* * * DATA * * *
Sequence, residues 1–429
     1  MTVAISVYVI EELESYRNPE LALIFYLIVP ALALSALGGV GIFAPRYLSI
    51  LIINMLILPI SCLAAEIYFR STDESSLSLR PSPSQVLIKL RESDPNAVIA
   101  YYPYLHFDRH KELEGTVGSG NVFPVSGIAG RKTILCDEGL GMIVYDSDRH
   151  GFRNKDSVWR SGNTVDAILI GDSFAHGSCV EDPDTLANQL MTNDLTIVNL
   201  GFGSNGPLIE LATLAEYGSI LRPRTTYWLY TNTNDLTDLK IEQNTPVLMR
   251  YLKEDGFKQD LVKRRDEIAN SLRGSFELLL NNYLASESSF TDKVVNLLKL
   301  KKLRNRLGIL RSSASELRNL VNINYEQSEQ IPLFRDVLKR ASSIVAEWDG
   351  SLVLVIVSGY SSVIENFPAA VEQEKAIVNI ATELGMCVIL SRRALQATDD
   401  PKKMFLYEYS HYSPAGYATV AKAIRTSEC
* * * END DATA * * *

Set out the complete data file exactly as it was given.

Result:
Sequence, residues 1–429
     1  MTVAISVYVI EELESYRNPE LALIFYLIVP ALALSALGGV GIFAPRYLSI
    51  LIINMLILPI SCLAAEIYFR STDESSLSLR PSPSQVLIKL RESDPNAVIA
   101  YYPYLHFDRH KELEGTVGSG NVFPVSGIAG RKTILCDEGL GMIVYDSDRH
   151  GFRNKDSVWR SGNTVDAILI GDSFAHGSCV EDPDTLANQL MTNDLTIVNL
   201  GFGSNGPLIE LATLAEYGSI LRPRTTYWLY TNTNDLTDLK IEQNTPVLMR
   251  YLKEDGFKQD LVKRRDEIAN SLRGSFELLL NNYLASESSF TDKVVNLLKL
   301  KKLRNRLGIL RSSASELRNL VNINYEQSEQ IPLFRDVLKR ASSIVAEWDG
   351  SLVLVIVSGY SSVIENFPAA VEQEKAIVNI ATELGMCVIL SRRALQATDD
   401  PKKMFLYEYS HYSPAGYATV AKAIRTSEC